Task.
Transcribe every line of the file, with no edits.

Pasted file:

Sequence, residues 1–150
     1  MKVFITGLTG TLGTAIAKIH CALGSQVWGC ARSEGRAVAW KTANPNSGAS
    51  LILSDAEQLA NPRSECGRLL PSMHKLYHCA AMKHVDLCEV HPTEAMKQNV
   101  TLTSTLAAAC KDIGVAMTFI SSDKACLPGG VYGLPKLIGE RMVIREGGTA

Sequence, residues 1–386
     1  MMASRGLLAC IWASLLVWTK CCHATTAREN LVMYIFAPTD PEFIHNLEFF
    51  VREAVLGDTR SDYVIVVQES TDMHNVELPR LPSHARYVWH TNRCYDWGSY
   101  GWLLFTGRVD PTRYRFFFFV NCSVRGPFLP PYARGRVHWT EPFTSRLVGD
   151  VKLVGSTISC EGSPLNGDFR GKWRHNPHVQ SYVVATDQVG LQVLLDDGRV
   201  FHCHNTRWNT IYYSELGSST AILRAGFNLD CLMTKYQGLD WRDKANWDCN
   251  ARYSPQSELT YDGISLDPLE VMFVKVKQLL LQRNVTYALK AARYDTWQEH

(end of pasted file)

Sequence, residues 1–150
     1  MKVFITGLTG TLGTAIAKIH CALGSQVWGC ARSEGRAVAW KTANPNSGAS
    51  LILSDAEQLA NPRSECGRLL PSMHKLYHCA AMKHVDLCEV HPTEAMKQNV
   101  TLTSTLAAAC KDIGVAMTFI SSDKACLPGG VYGLPKLIGE RMVIREGGTA

Sequence, residues 1–386
     1  MMASRGLLAC IWASLLVWTK CCHATTAREN LVMYIFAPTD PEFIHNLEFF
    51  VREAVLGDTR SDYVIVVQES TDMHNVELPR LPSHARYVWH TNRCYDWGSY
   101  GWLLFTGRVD PTRYRFFFFV NCSVRGPFLP PYARGRVHWT EPFTSRLVGD
   151  VKLVGSTISC EGSPLNGDFR GKWRHNPHVQ SYVVATDQVG LQVLLDDGRV
   201  FHCHNTRWNT IYYSELGSST AILRAGFNLD CLMTKYQGLD WRDKANWDCN
   251  ARYSPQSELT YDGISLDPLE VMFVKVKQLL LQRNVTYALK AARYDTWQEH